Radon gas, of great concern to American home buyers and home owners, is virtually unknown to Canadians. While the world considers radon gas an indoor health hazzard, Canada continues to view this silent killer as a relatively-benign intruder. This ordourless, tasteless, invisible gas is the second major source of lung cancer.

While radon is estimated to cause between 7,000 and 30,000 deaths per year in the US, the Canadian government maintains that radon deaths cannot be proven in Canada.

Radon is a radioactive gas formed by the natural breakdown of uranium in soil, rock and water. In a few areas, large amounts of radon can dissolve in groundwater and then be released when that water is used in household activities like showering, cooking and washing. Building materials are not typically a significant source of radon. Radon decays to form other radioactive elements called "daughters of radon." Radon gas and these particles are inhaled and become lodged in the lungs where they can penetrate lung tissue causing lung cancer.

Radon usually escapes from the ground into the outdoor air where it is diluted to harmless concentrations. Problems arise when radon is trapped in an enclosed space like a house where it accumulates to high levels.

According to the Radiation Safety Institute of Canada, a non-governmental agency providing radiation safety and testing services, radon is present in the air of almost every home and building in Canada.

Since this invisible gas cannot be detected without specific measuring equipment and does not cause visible symptoms like headaches and coughs, there is nothing to alert you to the presence of this gas in your home, workplace or children's schools.

In the mid-1970's, Health Canada surveyed 14,000 homes in 18 cities across Canada and reported low concentrations in the majority of homes, but noted high levels in a small but significant number of homes in some cities. The government does only limited radon testing in schools and workplaces since it expects levels lower than those found in homes.

Natural Resources Canada has studied radon and related problems in Nova Scotia, Quebec and other parts of Canada looking for effective predictive and measurement techniques. As yet, there is no large-scale technique for determining home levels. The age of the home is not considered a reliable prediction factor. Similar homes, even neighbouring houses, may have very different gas levels. Soil characteristics, construction type, foundation condition and efficiency of ventilation systems are only a few of the many factors involved. The only way to know the radon level in your home is to test for it. If high levels are discovered and you're on well water, a radon water test may be advisable.

The government has placed all the responsibility squarely on your shoulders. No regulation dictates acceptable radon levels and enforces remedies. According to Health Canada and the Canada Mortgage and Housing Corporation (CMHC), "It is the choice of each homeowner to determine what level of radon exposure they are willing to accept." The government does recommended that "remedial measures be taken where the level of radon in a home is found to exceed 22 pCi/L ( 800 Bq/m3) as the annual average concentration in the normal living area." In contrast, the World Health Organization recommends action if radon levels are 4 pCi/L (150 Bq/m3) or higher and suggests reducing levels below this since risks continue to exist. Most homes can be reduced to about 2 pCi/L or less.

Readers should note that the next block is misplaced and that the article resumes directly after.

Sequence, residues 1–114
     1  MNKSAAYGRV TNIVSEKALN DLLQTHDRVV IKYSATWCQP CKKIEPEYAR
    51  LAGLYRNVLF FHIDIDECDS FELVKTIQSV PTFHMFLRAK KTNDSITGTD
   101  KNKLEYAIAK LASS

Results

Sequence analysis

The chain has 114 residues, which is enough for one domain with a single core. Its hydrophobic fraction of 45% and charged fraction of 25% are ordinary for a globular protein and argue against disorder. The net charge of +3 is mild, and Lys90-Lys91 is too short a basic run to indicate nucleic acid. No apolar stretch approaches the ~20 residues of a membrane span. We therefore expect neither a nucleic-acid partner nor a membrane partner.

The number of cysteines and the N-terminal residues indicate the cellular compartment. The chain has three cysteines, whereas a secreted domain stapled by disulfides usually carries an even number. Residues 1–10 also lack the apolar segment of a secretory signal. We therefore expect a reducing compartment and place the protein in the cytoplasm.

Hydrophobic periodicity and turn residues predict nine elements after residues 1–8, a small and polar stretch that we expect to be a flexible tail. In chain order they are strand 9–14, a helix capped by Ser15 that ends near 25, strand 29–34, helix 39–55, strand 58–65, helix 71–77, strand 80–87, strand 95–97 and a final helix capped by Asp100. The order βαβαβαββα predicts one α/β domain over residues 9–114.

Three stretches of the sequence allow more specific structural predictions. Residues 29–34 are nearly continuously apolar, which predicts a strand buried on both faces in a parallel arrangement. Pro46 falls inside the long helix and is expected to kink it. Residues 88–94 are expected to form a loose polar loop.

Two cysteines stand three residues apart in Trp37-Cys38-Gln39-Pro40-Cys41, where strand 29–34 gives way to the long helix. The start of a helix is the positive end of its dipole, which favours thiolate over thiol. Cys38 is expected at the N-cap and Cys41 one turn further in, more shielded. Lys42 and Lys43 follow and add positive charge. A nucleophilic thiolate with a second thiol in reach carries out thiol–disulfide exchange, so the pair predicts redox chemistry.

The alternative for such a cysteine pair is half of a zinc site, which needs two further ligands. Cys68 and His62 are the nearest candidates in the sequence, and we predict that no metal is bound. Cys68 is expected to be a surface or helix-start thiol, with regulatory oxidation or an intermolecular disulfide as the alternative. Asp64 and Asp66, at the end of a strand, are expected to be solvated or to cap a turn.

Costs for lowering the level of radon gas range from a few hundred dollars to about three thousand dollars. Repairs and renovations that reduce moulds, dampness, drafts, termite invasion and odours in your basement will also lower radon levels. Talk to professionals, including your real estate broker and your home inspector, about radon testing for the new or resale home you're buying or your current home. "Radon: A guide for Canadian homeowners", a free PDF publication published by Health Canada and CMHC, explains the "how to" behind measuring and reducing radon levels. Analysis costs start at about CN$20 to CN$40 with do-it-yourself kits. When high levels exist, contact a trained radon reduction contractor to correct the problem. For details on new-construction radon reduction techniques, contact your local building inspector.

Direct your health questions to the Radiation Protection Branch of Health Canada at www.hc-sc.gc.ca or 613-954–6671. At the provincial level, contact the Ministry of Health e.g. British Columbia or Ministry of Labour.

Canadians have long expected the government to keep them safe, but disasters like Walkerton increasingly force us to face our individual responsible for preserving health and well-being. You spend between 70 and 90 per cent of your life breathing indoor air. Do you want to trust your future to Canadian radon safety levels set 550% higher than the rest of the world?

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